1

I need to do a case sensitive comparison within a stored procedure in SQL Server 2008 but cannot work out how to achieve it.

I have tried the following code:

Declare @andJob  varchar(1)

select @andJob = (SELECT szUserdefined6 from inserted ) 

if  @andJob like 'y%'
begin
  /* Do Stuff */
end
5
  • Search the net for collation sequences : Strings (CHAR, VARCHAR, etc) are stored using different collation sequences, with the default one to use being a setting in the SQL Server. Some collation sequences are case-sensitive and some are case-insensitive. You have a server that is using a case-sensitive sequence. Either change the server setting, or manually define the collation sequence to use on that one field in that one table. But be cautious of mixing/comparing different sequences as it will require one to be translated in to the other. – MatBailie Apr 1 '14 at 9:21
  • I have set the field to Latin1_General_CS_AI and this has no impact on the query. – joebohen Apr 1 '14 at 10:23
  • Try explicitly forcing the collation of the 'y%' too. Use Execution Plans to examine whether any conversations are occuring. – MatBailie Apr 1 '14 at 10:49
  • @MatBailie Regarding your first comment here, this operation has nothing to do with server / instance-level Collation. That level controls variable names but not their values. It is DB-level Collation that affects variable values. Also, please see my answer below. It might be what you were suggesting in the comment directly above, but not entirely sure. – Solomon Rutzky May 25 '18 at 16:23
  • Hi @joebohen . I was just wondering if you have had a chance to review my answer. I just updated it to include a simple example that can be copied and pasted to see how it works if you don't have the same environment available to you anymore (I do realize that it has been almost 5 years since you posted this question ;-). – Solomon Rutzky Jan 30 '19 at 4:26
0

You can use COLLATION option to achieve this. Eg.Link Further can be found here at MSDN for a list of collation options.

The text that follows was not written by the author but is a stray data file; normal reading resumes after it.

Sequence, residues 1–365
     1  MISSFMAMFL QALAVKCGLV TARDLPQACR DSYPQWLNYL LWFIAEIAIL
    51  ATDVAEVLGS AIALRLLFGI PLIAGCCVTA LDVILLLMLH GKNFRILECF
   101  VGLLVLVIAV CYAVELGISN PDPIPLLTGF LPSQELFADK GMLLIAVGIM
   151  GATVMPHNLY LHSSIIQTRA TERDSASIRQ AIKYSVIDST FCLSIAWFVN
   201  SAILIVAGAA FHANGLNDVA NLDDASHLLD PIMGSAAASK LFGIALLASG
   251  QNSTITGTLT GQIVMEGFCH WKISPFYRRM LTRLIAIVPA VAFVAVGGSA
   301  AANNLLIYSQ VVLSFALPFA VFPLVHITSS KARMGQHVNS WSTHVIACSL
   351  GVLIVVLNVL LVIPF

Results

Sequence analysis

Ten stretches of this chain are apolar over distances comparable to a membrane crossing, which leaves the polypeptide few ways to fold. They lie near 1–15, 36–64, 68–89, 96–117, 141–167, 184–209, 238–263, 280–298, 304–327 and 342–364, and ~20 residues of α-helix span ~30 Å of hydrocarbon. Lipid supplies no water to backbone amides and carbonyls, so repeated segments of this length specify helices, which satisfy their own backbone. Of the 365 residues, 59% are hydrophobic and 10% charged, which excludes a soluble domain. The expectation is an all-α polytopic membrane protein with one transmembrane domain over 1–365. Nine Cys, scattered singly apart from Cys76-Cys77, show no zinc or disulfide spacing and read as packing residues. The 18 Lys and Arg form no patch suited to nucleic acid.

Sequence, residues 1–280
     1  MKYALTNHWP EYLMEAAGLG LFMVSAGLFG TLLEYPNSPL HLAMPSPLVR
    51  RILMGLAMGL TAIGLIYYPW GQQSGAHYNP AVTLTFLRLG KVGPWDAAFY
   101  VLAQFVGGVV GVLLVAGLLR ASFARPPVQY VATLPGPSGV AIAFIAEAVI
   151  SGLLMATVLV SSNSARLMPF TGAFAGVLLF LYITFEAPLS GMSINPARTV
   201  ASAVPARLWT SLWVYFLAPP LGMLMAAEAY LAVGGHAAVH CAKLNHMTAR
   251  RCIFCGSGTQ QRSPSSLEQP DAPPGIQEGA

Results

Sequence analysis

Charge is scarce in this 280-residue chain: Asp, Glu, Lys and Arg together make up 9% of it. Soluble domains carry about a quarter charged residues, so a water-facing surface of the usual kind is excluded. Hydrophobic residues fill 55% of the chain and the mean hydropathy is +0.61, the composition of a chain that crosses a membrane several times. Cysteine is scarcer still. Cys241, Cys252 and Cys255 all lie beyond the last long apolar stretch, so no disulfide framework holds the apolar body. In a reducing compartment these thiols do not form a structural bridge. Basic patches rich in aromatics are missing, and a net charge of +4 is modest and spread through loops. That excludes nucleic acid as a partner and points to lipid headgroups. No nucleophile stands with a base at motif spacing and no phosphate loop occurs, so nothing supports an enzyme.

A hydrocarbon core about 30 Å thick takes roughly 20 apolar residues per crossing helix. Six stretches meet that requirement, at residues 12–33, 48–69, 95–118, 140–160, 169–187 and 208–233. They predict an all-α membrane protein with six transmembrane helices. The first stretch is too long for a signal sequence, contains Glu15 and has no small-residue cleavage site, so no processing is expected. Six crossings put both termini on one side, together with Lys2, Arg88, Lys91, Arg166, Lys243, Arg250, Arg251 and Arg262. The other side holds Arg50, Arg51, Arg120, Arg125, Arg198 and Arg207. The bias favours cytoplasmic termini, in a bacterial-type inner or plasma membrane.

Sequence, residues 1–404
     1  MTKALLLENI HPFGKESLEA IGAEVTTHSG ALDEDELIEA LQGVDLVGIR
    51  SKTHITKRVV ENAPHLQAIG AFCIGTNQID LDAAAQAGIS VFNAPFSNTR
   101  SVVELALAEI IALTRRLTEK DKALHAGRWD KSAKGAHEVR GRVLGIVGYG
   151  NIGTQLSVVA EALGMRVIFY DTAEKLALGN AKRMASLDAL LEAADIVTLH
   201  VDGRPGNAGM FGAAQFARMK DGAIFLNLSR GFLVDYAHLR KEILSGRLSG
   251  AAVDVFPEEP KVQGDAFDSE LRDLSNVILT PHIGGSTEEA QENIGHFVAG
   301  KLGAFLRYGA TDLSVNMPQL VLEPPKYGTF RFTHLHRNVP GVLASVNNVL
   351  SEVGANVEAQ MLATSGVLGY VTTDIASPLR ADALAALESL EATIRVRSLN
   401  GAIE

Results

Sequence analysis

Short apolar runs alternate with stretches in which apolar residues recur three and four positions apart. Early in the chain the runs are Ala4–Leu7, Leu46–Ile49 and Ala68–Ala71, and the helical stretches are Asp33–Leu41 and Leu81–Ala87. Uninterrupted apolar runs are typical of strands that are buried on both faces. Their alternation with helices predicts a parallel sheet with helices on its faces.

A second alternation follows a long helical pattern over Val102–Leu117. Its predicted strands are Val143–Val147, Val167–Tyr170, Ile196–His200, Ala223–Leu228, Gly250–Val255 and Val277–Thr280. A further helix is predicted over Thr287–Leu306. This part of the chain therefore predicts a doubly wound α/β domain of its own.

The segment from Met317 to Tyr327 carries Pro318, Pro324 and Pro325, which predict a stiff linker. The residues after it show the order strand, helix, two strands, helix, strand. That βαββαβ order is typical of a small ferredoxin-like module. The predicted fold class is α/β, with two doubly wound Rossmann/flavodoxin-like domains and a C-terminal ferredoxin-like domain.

0

Probably, declaring a collation will do the job. Look at these two questions to find a detailed explanation:

SQL Case Sensitive String Compare

SQL server ignore case in a where expression

Do one of these answers solve your problem?

0

The problem is simply that string literals / constants and variables (which include parameters) use the current Database's default Collation. When working with a column, the column's Collation is used. Here you are storing the value from a column into a variable, so the Collation of the column no longer matters.

Since you are clearly in a Database that has a case-insensitive default Collation, you need to specify the COLLATE keyword as part of that comparison. Meaning:

IF ( @andJob LIKE 'y%' COLLATE Latin1_General_CS_AI )

That will override the default behavior of using the Database's Collation for that comparison.

For example:

IF (DB_ID(N'CaseInsensitive') IS NULL)
BEGIN
  CREATE DATABASE [CaseInsensitive] COLLATE Latin1_General_100_CI_AS;
  ALTER DATABASE [CaseInsensitive] SET RECOVERY SIMPLE;
END;
GO

USE [CaseInsensitive];

SELECT 1 WHERE 'YES' LIKE 'y%';
-- 1

SELECT 2 WHERE 'YES' LIKE 'y%' COLLATE Latin1_General_100_CS_AS;
-- (nothing)


/* -- Clean up:
USE [master];
DROP DATABASE [CaseInsensitive];
*/

Also, you are declaring the variable as varchar(1), which seems a bit small. It will truncate any value from szUserdefined6 to just the first character, and I'm not sure that this is the intended behavior.

ALSO, you need to be very careful when doing select @andJob = (SELECT szUserdefined6 from inserted ) in a Trigger. A Trigger that is executed from a multi-row DML operation will have one row per each affected row in the inserted and/or deleted tables. What you are doing here only captures the value of the final row in the inserted table, hence it only truly works if there is NEVER a multi-row INSERT or UPDATE against this table.

For more info on collations, encodings, etc, please visit: Collations Info

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